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The Immediacy Implications of Exchange Orgzanization

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  • James T. Moser

Abstract

The paper introduces a connection between the needs of exchanges to respond to the immediacy needs of their clientele and the need to manage the credit risks faced by exchange members. Queueing theory is used to represent the opportunity loss suffered by brokers engaging in multiple activities: order-flow origination and its intermediation. The role of market-making locals is depicted as enabling specialization. Brokers focus on originating order flow and locals on fulfilling intermediation needs. The capacity to specialize is constrained by the availability of creditworthy members acting as locals. This results in a tension between pursuit of immediacy and managing inter-member credit exposure. Two exchange rules, tick size and price limits, are evaluated for their effects in resolving this tension.

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File URL: http://fic.wharton.upenn.edu/fic/papers/02/0211.pdf
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Bibliographic Info

Paper provided by Wharton School Center for Financial Institutions, University of Pennsylvania in its series Center for Financial Institutions Working Papers with number 02-11.

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Date of creation: Jan 2002
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Handle: RePEc:wop:pennin:02-11

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  1. De Vany, Arthur S & Saving, Thomas R, 1977. "Product Quality, Uncertainty, and Regulation: The Trucking Industry," American Economic Review, American Economic Association, vol. 67(4), pages 583-94, September.
  2. Davidson, Carl, 1988. "Equilibrium in Servicing Industries: An Economic Application of Queuing Theory," The Journal of Business, University of Chicago Press, vol. 61(3), pages 347-67, July.
  3. Miller, Merton H., 1997. "The future of futures," Pacific-Basin Finance Journal, Elsevier, vol. 5(2), pages 131-142, June.
  4. Silber, William L, 1984. " Marketmaker Behavior in an Auction Market: An Analysis of Scalpers in Futures Markets," Journal of Finance, American Finance Association, vol. 39(4), pages 937-53, September.
  5. Gerard Gennotte and Hayne Leland., 1989. "Market Liquidity, Hedging and Crashes," Research Program in Finance Working Papers RPF-192, University of California at Berkeley.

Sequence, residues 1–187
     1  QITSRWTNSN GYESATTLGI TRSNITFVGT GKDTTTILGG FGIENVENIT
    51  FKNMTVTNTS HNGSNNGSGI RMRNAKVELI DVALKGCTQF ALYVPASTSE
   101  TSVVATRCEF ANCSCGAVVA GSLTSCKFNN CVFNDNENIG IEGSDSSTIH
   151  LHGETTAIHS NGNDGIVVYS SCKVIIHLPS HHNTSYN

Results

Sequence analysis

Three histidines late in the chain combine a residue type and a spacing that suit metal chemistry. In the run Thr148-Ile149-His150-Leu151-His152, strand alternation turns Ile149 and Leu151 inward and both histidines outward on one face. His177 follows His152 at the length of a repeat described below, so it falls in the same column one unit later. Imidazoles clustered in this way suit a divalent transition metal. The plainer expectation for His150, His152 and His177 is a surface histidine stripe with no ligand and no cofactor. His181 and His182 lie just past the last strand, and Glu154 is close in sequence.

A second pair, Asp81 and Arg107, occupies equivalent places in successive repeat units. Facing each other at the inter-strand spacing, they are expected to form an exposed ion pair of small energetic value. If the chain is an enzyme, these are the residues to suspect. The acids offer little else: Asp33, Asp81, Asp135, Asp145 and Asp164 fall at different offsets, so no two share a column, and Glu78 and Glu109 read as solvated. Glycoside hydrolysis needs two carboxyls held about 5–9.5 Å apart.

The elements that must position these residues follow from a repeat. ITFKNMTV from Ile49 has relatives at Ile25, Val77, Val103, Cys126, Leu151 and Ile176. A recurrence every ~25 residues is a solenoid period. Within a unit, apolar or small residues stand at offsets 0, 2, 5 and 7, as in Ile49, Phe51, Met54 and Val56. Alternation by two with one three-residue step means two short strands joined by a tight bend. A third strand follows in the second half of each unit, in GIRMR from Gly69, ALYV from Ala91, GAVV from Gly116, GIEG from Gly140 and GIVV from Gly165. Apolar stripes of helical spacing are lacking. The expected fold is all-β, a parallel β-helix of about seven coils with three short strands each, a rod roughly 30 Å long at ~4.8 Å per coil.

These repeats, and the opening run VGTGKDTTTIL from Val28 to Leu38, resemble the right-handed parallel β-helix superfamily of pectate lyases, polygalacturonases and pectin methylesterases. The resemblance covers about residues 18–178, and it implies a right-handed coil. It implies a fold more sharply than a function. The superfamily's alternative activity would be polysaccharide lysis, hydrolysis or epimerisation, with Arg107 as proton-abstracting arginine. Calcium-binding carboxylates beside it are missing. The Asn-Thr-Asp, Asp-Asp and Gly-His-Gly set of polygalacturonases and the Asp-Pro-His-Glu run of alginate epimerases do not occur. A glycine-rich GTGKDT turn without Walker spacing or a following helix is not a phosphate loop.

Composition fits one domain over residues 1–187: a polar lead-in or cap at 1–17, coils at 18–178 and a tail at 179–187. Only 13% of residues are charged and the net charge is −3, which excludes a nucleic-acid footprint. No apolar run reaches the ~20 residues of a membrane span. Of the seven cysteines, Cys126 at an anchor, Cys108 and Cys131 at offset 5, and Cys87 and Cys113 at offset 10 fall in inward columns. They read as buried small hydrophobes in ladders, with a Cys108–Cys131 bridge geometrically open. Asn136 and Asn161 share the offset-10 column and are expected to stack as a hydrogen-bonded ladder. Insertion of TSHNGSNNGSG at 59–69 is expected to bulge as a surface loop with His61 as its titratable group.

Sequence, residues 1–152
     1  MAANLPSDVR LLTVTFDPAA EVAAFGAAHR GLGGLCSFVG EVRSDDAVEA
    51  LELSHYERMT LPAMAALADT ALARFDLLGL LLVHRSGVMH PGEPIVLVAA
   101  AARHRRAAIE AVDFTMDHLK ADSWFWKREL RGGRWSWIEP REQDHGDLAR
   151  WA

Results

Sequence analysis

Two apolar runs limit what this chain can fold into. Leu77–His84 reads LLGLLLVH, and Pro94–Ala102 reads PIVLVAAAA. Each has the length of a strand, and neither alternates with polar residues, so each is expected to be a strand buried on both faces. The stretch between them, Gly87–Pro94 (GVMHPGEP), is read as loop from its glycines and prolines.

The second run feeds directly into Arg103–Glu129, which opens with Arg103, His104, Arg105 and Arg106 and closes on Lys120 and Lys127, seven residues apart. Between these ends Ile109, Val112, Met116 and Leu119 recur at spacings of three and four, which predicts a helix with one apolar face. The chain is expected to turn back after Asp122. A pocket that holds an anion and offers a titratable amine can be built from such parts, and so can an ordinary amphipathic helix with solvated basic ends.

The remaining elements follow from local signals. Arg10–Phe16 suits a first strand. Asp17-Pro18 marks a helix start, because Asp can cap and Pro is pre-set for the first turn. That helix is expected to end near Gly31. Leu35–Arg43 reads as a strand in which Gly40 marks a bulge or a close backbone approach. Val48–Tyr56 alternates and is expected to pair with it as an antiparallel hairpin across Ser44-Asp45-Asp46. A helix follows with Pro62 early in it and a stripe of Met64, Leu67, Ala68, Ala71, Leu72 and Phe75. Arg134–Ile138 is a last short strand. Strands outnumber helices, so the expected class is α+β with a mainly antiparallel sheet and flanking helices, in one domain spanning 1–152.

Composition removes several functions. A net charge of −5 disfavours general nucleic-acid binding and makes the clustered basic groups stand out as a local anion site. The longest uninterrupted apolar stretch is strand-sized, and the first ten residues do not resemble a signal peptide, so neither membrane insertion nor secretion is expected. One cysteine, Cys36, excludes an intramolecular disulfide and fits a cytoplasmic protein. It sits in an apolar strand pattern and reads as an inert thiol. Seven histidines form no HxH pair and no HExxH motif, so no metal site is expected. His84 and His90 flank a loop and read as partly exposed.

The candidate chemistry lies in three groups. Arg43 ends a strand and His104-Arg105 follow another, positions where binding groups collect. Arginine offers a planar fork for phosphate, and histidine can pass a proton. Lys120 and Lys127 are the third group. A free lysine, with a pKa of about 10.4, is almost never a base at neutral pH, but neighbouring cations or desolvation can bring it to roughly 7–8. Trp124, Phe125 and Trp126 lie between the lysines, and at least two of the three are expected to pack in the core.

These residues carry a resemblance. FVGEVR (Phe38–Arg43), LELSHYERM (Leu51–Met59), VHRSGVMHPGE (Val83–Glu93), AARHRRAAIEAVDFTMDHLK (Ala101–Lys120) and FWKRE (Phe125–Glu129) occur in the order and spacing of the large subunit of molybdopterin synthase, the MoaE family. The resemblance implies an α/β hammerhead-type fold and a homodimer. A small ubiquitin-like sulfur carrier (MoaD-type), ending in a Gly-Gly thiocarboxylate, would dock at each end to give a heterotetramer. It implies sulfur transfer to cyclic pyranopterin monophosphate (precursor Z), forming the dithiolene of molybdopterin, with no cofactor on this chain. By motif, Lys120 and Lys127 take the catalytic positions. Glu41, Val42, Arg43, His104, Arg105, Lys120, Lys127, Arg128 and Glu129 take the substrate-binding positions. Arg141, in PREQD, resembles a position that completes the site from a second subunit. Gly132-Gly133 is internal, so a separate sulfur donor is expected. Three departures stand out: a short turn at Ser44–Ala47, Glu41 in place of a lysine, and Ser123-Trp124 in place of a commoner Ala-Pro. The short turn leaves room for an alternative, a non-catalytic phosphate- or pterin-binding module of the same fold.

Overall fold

6. James T. Moser, 1994. "Origins of the modern exchange clearinghouse: a history of early clearing and settlement methods at futures exchanges," Working Paper Series, Issues in Financial Regulation 94-3, Federal Reserve Bank of Chicago.
  7. Telser, Lester G, 1986. "Futures and Actual Markets: How They Are Related," The Journal of Business, University of Chicago Press, vol. 59(2), pages S5-20, April.
  8. Frech, H E, III & Lee, William C, 1987. "The Welfare Cost of Rationing-by-Queuing across Markets: Theory and Estimates from the U.S. Gasoline Crises," The Quarterly Journal of Economics, MIT Press, vol. 102(1), pages 97-108, February.
  9. De Vany, Arthur S, 1976. "Uncertainty, Waiting Time, and Capacity Utilization: A Stochastic Theory of Product Quality," Journal of Political Economy, University of Chicago Press, vol. 84(3), pages 523-41, June.
  10. Herbert L. Baer & Virginia G. France & James T. Moser, 2001. "Opportunity cost and prudentiality: an analysis of collateral decisions in bilateral and multilateral settings," Working Paper Series WP-01-26, Federal Reserve Bank of Chicago.
  11. Merton H. Miller & Daniel Orr, 1968. "The Demand For Money By Firms: Extensions Of Analytic Results," Journal of Finance, American Finance Association, vol. 23(5), pages 735-759, December.
  12. Naor, P, 1969. "The Regulation of Queue Size by Levying Tolls," Econometrica, Econometric Society, vol. 37(1), pages 15-24, January.
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Cited by:
  1. Galbiati, Marco & Soramäki, Kimmo, 2012. "Clearing networks," Journal of Economic Behavior & Organization, Elsevier, vol. 83(3), pages 609-626.
  2. Galbiati, Marco & Soramaki, Kimmo, 2013. "Central counterparties and the topology of clearing networks," Bank of England working papers 480, Bank of England.
  3. John P Jackson & Mark J Manning, 2007. "Comparing the pre-settlement risk implications of alternative clearing arrangements," Bank of England working papers 321, Bank of England.

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